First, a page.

On February 5th, the Dems were replacing Mike McDonald (elected in November, 2012) who resigned before his scheduled taking of office set for January 7th due to an illness which regrettably and tragically ended in his death on February 22nd.

Gonzalez made out on the 5th that the Thompson/Okey pronouncements were as if they had come down from God Almighty himself and thereby convinced a majority of Stark County Democratic Party Central Committee (SCDPCC) persons that Maier should be included alongside the unquestionably qualified Democrat Lt. Lou Darrow currently then and now of the sheriff's department and Republican Larry Dordea as a group of three that the SCDPCC could consider.

Gonzalez also overreached in imbuing Judge Frank Forchione of the Stark County Court of Common Pleas with judicial deification in discharging his limited role on the matter of qualification that neither Forchione claimed for himself nor provided for by Ohio statutory law.

It appears to the SCPR that Gonzalez, Thompson and Okey along with others executed a Maier strategy to, a la rugby style, thug him across the finish line.

It seems to The Report that Okey was more of a player of the bulldozing variety than has heretofore been noticed.

Okey is a former Democratic Alliance city councilman who ran for mayor of Alliance in a losing effort in November, 2011.

An interesting thing about his councilman days, is that also a member of the Alliance city council was Republican Larry Dordea who has run for sheriff twice (losing to Swanson in 2008 and to Mike McDonald in 2012).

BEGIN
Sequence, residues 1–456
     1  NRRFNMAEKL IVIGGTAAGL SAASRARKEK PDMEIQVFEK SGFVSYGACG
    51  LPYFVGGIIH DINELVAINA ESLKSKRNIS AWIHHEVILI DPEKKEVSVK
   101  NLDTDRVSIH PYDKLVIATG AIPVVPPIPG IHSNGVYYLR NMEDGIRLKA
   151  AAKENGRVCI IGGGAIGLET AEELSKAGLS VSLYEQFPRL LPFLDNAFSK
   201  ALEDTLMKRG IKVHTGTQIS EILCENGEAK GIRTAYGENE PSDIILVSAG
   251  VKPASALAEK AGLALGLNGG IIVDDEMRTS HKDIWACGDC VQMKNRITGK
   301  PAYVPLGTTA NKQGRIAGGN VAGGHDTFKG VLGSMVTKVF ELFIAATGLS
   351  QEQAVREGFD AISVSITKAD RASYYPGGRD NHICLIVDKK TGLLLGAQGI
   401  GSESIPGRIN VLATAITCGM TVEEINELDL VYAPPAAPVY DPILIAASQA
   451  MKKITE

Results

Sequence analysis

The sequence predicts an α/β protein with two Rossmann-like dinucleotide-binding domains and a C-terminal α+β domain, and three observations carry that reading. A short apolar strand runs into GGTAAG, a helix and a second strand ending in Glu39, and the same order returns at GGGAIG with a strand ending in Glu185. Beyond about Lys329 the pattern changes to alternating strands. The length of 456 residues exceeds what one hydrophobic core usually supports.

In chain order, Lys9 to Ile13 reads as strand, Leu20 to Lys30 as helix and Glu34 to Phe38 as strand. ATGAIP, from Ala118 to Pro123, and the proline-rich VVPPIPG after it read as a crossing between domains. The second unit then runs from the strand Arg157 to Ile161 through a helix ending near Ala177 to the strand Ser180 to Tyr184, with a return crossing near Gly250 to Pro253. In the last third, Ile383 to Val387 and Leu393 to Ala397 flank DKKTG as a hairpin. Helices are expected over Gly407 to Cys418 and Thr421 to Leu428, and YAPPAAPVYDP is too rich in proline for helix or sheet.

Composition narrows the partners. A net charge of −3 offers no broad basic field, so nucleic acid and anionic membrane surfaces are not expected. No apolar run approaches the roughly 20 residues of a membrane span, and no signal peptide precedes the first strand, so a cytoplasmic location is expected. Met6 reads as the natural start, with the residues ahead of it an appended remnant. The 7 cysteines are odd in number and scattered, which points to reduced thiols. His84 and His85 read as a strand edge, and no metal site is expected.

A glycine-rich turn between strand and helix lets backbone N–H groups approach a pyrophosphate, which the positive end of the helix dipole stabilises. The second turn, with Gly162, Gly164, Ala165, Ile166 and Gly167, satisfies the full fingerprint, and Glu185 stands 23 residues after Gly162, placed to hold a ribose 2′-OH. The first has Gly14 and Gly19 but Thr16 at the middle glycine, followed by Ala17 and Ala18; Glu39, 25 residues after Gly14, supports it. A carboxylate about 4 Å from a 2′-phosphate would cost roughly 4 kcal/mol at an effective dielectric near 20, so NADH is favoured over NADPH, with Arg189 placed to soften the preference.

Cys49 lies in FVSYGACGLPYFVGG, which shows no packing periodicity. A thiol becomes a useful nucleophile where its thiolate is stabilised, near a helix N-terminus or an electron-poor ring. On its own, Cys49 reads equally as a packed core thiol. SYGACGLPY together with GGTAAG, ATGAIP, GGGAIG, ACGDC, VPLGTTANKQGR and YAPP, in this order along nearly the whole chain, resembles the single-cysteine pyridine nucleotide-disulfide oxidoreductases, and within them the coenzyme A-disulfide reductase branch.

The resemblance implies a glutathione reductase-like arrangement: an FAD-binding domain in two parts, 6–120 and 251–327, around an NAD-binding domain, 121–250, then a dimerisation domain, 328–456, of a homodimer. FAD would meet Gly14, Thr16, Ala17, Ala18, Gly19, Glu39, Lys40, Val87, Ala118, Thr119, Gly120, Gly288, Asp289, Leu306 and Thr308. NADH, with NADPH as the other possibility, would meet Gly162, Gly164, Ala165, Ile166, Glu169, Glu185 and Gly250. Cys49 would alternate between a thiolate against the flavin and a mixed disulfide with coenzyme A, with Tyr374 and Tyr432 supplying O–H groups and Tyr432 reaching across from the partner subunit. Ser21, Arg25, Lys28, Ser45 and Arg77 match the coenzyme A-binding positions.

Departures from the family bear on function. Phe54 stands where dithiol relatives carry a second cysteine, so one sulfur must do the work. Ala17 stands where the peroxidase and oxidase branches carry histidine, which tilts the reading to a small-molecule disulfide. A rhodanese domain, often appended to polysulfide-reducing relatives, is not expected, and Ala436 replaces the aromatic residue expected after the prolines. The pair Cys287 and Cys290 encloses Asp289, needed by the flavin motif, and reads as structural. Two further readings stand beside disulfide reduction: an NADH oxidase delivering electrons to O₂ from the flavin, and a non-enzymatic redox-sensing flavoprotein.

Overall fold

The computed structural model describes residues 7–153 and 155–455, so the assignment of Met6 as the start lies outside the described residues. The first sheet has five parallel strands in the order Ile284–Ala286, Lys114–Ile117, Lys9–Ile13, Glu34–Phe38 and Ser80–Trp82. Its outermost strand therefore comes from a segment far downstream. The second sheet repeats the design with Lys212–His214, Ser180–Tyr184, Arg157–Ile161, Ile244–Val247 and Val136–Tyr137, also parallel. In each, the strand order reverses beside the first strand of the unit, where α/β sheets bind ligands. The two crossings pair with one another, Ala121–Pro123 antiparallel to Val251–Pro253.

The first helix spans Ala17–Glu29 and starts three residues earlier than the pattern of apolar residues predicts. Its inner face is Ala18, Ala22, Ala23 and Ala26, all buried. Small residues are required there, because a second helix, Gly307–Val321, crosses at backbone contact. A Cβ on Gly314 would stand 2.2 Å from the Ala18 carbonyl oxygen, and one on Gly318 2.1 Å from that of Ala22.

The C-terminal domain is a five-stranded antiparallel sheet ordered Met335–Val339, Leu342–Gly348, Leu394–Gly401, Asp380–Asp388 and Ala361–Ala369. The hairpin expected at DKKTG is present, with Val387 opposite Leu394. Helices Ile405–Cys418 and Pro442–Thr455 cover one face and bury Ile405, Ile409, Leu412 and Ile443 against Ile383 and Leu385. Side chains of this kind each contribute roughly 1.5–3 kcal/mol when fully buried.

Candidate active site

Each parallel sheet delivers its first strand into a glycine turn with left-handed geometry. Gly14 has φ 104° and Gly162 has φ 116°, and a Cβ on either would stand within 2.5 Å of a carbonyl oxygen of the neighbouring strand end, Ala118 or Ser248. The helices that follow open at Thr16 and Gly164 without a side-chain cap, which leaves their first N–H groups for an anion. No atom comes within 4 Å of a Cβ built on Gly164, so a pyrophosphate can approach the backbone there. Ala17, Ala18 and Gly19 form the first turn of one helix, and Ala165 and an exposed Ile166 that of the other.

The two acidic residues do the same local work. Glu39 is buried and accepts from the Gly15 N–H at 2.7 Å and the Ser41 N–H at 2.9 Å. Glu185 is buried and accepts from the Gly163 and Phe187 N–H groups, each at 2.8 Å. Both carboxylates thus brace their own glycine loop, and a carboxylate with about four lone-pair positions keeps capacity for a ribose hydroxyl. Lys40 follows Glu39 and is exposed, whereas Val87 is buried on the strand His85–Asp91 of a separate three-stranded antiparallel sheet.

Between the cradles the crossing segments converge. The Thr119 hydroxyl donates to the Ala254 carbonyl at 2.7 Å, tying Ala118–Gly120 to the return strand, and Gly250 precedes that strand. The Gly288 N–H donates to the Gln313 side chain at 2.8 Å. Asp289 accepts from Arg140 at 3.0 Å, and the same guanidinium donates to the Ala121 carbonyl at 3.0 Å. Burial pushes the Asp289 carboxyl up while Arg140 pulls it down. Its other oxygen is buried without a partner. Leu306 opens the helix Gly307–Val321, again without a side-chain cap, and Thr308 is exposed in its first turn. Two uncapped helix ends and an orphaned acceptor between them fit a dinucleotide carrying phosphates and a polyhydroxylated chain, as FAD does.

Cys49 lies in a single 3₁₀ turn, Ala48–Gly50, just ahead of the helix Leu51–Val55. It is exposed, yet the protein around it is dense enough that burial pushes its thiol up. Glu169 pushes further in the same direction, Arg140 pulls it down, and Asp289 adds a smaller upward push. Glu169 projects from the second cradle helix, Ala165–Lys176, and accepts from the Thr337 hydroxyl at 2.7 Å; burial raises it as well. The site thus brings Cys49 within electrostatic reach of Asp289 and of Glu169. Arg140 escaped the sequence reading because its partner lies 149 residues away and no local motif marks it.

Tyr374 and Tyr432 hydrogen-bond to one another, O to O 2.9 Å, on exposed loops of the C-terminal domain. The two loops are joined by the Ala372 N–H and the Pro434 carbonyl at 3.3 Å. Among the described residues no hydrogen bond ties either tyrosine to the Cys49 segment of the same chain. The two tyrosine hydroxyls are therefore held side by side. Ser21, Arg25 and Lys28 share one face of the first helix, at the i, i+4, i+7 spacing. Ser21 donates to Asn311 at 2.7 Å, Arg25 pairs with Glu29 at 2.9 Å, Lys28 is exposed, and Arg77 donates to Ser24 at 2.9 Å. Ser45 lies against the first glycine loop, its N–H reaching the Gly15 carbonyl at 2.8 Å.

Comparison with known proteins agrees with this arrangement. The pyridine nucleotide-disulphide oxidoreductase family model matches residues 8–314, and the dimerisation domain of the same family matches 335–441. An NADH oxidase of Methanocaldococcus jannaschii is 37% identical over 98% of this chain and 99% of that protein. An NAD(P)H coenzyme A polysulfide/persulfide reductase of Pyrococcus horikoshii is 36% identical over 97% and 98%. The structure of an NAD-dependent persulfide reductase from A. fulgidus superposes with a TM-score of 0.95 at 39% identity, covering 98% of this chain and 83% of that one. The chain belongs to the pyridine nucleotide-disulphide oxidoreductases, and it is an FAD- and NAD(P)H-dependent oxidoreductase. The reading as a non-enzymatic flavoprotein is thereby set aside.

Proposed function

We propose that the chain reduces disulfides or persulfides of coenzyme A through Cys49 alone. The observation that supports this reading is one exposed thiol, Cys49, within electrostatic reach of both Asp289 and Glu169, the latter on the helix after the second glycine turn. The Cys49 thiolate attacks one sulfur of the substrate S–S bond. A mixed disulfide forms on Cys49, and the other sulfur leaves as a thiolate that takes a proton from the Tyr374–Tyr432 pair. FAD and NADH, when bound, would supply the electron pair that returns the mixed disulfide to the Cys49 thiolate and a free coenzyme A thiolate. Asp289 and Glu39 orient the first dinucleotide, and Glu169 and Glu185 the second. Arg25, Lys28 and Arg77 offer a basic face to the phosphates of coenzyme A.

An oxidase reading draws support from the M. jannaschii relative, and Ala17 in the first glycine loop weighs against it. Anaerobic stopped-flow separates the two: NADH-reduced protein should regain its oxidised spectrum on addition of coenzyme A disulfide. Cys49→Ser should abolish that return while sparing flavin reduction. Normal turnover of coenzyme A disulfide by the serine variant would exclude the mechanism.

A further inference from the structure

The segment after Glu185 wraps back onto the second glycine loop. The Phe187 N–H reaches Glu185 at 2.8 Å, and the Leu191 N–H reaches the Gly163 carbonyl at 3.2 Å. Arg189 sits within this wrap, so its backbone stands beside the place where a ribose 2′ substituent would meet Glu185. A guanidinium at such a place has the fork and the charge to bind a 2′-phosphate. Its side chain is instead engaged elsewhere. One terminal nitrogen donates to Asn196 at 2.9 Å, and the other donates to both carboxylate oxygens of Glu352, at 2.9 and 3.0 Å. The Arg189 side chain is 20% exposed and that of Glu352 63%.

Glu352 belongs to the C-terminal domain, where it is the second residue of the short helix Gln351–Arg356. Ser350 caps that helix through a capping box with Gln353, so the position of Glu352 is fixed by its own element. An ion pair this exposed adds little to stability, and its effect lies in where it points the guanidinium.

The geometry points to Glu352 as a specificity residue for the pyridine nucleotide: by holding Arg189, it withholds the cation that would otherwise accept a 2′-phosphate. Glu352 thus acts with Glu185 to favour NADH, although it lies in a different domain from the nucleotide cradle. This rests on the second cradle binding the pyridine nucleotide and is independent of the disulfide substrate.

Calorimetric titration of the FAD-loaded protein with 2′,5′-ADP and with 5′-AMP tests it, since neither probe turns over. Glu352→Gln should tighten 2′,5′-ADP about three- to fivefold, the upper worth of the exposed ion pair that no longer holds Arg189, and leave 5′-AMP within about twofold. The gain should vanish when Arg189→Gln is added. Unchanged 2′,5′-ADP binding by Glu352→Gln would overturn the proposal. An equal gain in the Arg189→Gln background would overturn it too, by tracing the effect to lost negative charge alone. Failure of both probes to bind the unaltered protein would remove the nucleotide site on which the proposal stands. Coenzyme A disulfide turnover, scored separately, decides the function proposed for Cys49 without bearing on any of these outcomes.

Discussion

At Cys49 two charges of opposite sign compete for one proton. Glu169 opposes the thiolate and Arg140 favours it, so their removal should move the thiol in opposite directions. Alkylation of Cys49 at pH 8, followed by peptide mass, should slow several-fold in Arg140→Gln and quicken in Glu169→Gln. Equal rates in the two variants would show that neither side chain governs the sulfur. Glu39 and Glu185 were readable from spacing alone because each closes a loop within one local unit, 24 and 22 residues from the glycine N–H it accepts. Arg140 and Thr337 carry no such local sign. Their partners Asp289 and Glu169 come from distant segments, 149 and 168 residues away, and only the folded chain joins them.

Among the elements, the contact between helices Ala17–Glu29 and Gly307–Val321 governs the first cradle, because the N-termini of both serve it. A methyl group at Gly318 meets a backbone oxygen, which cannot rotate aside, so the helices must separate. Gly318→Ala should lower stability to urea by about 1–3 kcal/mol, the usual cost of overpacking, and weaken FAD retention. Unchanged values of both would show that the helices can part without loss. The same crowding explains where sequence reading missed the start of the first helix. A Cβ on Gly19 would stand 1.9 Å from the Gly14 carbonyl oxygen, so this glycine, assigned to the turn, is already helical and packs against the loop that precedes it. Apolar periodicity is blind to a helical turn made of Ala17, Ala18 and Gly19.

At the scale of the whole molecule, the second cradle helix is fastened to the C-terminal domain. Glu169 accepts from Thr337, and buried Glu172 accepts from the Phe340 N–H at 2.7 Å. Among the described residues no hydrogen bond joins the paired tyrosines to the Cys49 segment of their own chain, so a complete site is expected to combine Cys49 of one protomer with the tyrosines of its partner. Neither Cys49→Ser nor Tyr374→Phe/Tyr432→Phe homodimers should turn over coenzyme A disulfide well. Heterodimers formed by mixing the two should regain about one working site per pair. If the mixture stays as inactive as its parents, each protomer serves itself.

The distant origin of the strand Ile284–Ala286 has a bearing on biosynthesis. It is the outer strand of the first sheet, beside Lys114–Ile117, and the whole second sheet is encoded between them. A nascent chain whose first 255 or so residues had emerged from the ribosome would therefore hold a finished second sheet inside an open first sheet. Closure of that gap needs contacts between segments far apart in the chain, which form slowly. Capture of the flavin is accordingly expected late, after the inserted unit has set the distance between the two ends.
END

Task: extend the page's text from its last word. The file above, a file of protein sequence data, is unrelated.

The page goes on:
In talking with Dordea, The Report's take is that these two really do not like each other.

Dordea is currently chief of police in Hartville and previously served as police chief in Alliance where both now live.

On reading the relevant statutes in the light of George Maier's published policing resume as of the date of the statutory qualification date (30 days from the date that the vacancy occurred [e.g. January 7 plus 30 days equals February 7th], a number of Stark County attorneys took strong exception to Okey's and Thomspon's reading of the law.

One such attorney was Stark County prosecutor John Ferrero.  He signed an affidavit to that effect.

To repeat, now that the Supreme Court has ousted Maier,  we know Ferrero was correct in his analysis that Maier was unqualified.

No wonder - looking back - that Gonzalez moved, in the opinion of the SCPR, in a  pugnacious manner to belittle the prosecutor's affidavit.